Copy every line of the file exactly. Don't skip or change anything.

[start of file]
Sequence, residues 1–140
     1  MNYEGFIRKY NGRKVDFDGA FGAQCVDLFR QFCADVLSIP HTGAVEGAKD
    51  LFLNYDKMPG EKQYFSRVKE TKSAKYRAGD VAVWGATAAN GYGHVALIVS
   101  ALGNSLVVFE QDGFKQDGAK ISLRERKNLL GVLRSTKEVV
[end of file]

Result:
Sequence, residues 1–140
     1  MNYEGFIRKY NGRKVDFDGA FGAQCVDLFR QFCADVLSIP HTGAVEGAKD
    51  LFLNYDKMPG EKQYFSRVKE TKSAKYRAGD VAVWGATAAN GYGHVALIVS
   101  ALGNSLVVFE QDGFKQDGAK ISLRERKNLL GVLRSTKEVV